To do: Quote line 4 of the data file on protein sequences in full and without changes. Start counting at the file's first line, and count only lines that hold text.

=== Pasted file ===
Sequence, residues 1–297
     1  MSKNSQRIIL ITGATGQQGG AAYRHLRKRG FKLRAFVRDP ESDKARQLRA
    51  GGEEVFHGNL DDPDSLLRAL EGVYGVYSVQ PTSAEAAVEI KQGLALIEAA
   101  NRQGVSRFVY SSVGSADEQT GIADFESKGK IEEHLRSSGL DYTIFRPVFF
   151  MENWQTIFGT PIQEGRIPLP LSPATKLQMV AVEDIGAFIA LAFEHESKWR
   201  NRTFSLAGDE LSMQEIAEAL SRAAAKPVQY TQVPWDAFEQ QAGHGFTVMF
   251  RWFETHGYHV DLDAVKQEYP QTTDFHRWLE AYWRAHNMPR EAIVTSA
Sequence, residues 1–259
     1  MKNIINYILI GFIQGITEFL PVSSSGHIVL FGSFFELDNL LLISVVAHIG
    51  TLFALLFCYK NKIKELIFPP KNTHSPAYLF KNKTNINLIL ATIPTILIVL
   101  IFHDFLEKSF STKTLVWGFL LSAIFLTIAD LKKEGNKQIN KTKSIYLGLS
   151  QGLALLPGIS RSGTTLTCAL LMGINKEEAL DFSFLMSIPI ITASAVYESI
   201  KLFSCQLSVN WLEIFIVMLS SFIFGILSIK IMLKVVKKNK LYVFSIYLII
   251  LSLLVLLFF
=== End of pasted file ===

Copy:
   101  NRQGVSRFVY SSVGSADEQT GIADFESKGK IEEHLRSSGL DYTIFRPVFF